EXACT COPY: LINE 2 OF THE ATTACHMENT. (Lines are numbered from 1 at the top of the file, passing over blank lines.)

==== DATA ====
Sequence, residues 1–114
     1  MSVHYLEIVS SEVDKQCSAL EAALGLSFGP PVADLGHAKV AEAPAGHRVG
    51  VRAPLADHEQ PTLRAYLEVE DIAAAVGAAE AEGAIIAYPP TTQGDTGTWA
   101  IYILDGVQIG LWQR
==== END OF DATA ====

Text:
     1  MSVHYLEIVS SEVDKQCSAL EAALGLSFGP PVADLGHAKV AEAPAGHRVG